There is also a problem with labeling emissions as 'Indian', 'European' and so on. This distinction exists only on the ground (literally!), and not in the atmosphere. The atmospheric warming effects of carbon dioxide make no distinction between emissions from India and those from anywhere else in the world.

The gas quickly gets mixed up in the global atmosphere and the effects propagate everywhere. Doing nothing about reining in emissions today may turn out to be very harmful in the future, since the total volume of emissions does matter. And that would be true, no matter which nations were the worst offenders; the price would be borne by all.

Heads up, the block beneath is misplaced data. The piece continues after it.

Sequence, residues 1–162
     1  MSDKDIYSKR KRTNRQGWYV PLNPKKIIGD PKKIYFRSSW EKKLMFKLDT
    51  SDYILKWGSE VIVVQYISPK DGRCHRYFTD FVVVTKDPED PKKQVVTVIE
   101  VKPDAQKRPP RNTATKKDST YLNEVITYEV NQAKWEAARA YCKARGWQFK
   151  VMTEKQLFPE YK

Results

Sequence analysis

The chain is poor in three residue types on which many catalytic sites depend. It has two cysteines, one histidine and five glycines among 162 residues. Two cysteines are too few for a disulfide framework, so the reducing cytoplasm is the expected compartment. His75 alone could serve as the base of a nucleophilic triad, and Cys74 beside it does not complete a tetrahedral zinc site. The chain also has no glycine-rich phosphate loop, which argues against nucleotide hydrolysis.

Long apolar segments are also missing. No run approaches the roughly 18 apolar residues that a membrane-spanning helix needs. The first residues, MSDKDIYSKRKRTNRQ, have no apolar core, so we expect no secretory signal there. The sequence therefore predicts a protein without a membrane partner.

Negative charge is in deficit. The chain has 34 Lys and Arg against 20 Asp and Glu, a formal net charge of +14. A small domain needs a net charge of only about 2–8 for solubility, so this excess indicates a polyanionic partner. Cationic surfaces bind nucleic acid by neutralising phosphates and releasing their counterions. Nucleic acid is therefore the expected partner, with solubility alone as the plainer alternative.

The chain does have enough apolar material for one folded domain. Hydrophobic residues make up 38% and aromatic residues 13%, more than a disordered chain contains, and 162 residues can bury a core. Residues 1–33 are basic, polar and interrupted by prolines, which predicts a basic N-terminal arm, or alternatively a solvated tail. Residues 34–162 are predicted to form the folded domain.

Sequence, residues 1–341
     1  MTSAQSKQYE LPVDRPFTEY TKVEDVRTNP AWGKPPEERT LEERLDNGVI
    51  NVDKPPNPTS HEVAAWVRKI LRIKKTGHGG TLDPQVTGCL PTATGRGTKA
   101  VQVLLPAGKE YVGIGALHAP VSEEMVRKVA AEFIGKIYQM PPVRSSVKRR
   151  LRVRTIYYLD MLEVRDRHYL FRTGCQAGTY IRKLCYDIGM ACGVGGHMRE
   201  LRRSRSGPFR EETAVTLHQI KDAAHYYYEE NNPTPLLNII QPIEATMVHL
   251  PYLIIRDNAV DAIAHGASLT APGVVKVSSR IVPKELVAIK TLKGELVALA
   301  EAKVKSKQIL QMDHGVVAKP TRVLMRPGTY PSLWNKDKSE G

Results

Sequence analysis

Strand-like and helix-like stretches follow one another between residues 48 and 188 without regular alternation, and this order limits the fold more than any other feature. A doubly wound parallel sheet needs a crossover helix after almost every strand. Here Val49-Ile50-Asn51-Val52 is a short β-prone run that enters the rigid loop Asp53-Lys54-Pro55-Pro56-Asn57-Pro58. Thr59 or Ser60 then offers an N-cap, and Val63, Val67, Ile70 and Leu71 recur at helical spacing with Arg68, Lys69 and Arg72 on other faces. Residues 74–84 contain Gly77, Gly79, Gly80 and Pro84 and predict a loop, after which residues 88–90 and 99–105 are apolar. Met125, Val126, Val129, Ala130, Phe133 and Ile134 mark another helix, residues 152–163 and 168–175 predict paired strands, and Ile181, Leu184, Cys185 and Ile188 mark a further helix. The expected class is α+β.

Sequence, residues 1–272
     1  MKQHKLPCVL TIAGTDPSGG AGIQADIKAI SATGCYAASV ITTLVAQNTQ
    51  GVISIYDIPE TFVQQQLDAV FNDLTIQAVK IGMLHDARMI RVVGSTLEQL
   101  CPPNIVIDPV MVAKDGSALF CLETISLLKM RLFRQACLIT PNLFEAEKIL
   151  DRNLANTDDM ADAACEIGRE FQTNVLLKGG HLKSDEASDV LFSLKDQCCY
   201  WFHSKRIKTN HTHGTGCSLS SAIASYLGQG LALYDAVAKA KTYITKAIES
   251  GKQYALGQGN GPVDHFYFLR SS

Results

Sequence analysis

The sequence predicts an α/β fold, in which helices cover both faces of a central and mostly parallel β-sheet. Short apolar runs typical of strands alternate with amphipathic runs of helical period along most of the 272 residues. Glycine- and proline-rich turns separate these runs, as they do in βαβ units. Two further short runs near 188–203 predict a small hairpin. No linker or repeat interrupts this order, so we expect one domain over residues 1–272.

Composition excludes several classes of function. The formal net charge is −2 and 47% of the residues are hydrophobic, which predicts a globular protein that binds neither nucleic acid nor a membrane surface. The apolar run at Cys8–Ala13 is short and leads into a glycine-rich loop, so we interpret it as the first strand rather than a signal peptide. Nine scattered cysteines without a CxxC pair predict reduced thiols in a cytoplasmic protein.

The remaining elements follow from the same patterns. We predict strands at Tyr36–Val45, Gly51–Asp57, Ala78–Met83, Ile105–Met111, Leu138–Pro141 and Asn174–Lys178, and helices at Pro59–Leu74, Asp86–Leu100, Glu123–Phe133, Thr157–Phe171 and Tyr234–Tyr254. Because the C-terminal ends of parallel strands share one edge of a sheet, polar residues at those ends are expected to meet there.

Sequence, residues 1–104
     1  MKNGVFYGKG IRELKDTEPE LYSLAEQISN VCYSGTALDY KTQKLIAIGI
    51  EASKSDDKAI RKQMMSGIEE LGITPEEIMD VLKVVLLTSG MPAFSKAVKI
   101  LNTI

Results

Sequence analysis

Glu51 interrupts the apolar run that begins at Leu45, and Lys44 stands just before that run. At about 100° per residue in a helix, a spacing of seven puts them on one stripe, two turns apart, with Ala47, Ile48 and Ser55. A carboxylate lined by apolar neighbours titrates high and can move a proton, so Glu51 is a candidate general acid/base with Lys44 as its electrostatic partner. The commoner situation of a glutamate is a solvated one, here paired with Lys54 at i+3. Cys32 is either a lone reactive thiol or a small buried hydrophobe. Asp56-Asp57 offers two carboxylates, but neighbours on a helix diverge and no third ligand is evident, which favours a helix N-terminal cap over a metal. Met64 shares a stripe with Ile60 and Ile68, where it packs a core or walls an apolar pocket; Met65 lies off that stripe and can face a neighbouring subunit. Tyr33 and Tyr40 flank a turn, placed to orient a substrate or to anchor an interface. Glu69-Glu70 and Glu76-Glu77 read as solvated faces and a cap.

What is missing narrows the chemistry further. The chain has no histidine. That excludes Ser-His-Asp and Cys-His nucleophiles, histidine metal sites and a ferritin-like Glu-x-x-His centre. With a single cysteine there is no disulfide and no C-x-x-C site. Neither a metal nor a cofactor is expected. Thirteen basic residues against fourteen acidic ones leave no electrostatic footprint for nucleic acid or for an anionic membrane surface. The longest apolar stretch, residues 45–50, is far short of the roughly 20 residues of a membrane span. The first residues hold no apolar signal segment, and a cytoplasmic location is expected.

The plain truth about global warming is that it presents a unique challenge, one that requires nations to act collectively for the common good of the planet, something that routine politics has not prepared leaders anywhere for.

Defending the 'Indian' right to economic development through carbon emissions may sound very gallant in the domestic arena, but it will do nothing for the actual problems that will ensue with climate change.

We ought to be examining our policies from our own self-interest, both economic as well as environmental. The trouble with the government's stance is that when its plain-speak on the economy is not matched by its actions on the environmental front.

Even without the global negotiations, there are perfectly good reasons for India itself to be worried about climate change.